Museum Lands a Second Grant for Future Permanent Exhibit

Martha’s Vineyard Museum executive director Keith Gorman recently received good news from the National Endowment for the Humanities — the museum has been awarded its second National Endowment for the Humanities grant this year, this one in support of the development of the theme and content in the museum’s future permanent exhibit in its future museum facility.

Treasure Buried Under Decades of Dust; Denniston Treasures Go to Museum

Linsey Lee emerged from what was once the Vineyard’s first African American church last week peeling a respirator from her face. By her count, she had spent more than 150 hours in the Bradley Memorial Church in Oak Bluffs, and the mask stood as a shield between her and decades of dust.

Anonymous Donor Buys Painting for Island Museum


A painting of a well-known Menemsha-based trawler by Heather Neill has been given to the Martha’s Vineyard Museum by an anonymous donor. The eight by four-foot painting, titled Strider’s Surrender, evokes the decline the local fishing industry.

The Quitsa Strider II is owned by respected Island fishermen Jonathan Mayhew. In a move symbolic of the dire state of the local fishing industry, Mr. Mayhew sold his federal permits last year, giving up his license and putting up the vessel itself for sale.

New Chief Curator Is Part Of Museum Reorganization

Bonnie Stacy has been named chief curator at the Martha’s Vineyard Museum.

New Director Aims to Make History Hip

As Island residents go kicking and screaming into the future, the Martha’s Vineyard Museum has always served as a refuge in turbulent times. Here the centuries mingle and Island life never changes. In one room, romantic maritime tableaus etched by idling seamen in the jawbones of sperm whales recall the glory of Martha’s Vineyard’s seafaring past, while in the next gallery the indelible 20th century folk art of Stanley Murphy revels in the workaday triumphs of a rural Island community.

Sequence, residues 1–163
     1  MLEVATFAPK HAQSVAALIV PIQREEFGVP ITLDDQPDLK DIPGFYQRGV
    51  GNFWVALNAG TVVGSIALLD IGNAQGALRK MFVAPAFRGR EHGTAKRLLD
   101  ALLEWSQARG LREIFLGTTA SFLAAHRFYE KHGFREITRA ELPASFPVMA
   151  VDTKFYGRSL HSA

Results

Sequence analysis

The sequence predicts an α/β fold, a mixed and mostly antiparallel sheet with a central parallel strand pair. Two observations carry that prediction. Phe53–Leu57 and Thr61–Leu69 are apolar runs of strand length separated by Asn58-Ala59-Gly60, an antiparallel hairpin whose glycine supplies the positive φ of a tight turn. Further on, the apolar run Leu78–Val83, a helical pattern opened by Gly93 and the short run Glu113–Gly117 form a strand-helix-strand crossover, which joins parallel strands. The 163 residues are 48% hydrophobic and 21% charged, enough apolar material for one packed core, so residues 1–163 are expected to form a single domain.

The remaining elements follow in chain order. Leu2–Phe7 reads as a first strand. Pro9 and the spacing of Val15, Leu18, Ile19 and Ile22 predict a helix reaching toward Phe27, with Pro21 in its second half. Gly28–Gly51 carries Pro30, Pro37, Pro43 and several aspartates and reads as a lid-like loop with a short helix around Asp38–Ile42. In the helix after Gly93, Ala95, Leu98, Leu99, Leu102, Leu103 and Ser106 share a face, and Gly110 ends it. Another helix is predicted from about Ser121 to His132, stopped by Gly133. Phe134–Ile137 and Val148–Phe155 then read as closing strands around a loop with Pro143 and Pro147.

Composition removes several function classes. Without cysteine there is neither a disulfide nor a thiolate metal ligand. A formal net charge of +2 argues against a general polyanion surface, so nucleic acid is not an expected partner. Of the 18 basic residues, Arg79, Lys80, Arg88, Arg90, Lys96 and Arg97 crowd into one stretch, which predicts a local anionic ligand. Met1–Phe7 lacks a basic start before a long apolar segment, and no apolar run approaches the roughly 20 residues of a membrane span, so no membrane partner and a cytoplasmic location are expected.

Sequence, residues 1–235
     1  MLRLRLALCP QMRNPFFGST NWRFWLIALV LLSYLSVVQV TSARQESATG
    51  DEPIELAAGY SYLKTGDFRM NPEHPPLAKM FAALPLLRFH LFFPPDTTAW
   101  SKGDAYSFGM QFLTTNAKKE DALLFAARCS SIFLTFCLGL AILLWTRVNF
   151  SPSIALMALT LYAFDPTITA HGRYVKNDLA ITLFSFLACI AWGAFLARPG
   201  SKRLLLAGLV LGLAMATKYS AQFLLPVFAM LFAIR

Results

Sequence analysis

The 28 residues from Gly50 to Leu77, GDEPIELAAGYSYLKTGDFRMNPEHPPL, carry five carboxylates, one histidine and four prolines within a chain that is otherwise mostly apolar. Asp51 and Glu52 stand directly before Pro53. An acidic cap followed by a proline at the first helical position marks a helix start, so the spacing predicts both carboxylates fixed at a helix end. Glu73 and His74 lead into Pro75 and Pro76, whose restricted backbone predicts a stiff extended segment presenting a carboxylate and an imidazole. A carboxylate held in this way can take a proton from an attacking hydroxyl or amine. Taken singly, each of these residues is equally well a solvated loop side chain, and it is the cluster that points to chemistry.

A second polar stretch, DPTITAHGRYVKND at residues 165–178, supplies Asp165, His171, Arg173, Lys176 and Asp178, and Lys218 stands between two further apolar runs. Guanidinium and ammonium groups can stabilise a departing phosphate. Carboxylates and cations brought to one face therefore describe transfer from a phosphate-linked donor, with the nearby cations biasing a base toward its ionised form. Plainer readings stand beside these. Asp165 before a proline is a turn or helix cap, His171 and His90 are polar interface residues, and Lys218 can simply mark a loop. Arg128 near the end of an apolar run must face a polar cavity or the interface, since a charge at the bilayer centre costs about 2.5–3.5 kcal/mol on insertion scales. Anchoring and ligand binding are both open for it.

Museum Open House Unveils New Location’s Ample Charms

It’s the most famous Island landmark hardly anyone has ever seen. Built in 1895 as a marine hospital, the old plantation-style manor, with gray shingles, white trim and a sweeping balcony, on its 4.4.-acre hilltop, once commanded a view of Vineyard Haven harbor. At some point over the years the building acquired a white clapboard façade, enhancing its resemblance to Tara in Gone with the Wind. Across the broad lawn, a ring of pine and oak trees grew tall, obscuring the water vistas, and, at the same time, the long deserted building too.

World War II Veterans Exhibit Breaks Free to the Internet

In celebration of the upcoming Veterans Day holiday, the Martha’s Vineyard Museum has launched a new online exhibit sharing the stories of Vineyard World War II veterans.

Those Who Serve: Martha’s Vineyard and World War II, began as an exhibition in the Museum during 2009 and 2010. The exhibit’s popularity resulted in an oral history book curated by Linsey Lee. Short audio excerpts of those interviews have now been put together with archival photos in an online exhibit allowing people all over the world to hear the stories.

Agricultural Society, Polly Hill Join Forces to Buy Vineyard Museum Land


The Martha’s Vineyard Museum is close to selling the West Tisbury land once envisioned as its future home to the neighbors, the Polly Hill Arboretum and the Martha’s Vineyard Agricultural Society.

The sale is likely to be completed by the end of the week, arboretum executive director Tim Boland said. Surveying work was underway and everything was going very positively, he said.

Museum Set to Buy Marine Hospital

The Martha’s Vineyard Museum expects to sign within days a purchase and sales agreement to buy the former Marine Hospital in Vineyard Haven for an undisclosed price.

The purchase of the historic property, perched on a hill above the harbor, would mark a major step in the museum’s long quest to find a new home for its historical collections outside of Edgartown.

Museum executive director David Nathans said yesterday morning he hoped to have a deal completed by week’s end.

Museum Unveils Designs for New Site

The Martha’s Vineyard Museum would restore the former Marine Hospital’s view to Vineyard Haven harbor in its ambitious plan to relocate there, renovating the hospital building to house museum staff and collections, razing a 1938 brick addition, building a new barn-like structure running for exhibition and storage space, paving a 50-car parking lot and clear-cutting the property’s front lawns overlooking the Lagoon Pond, which have become overgrown in recent decades.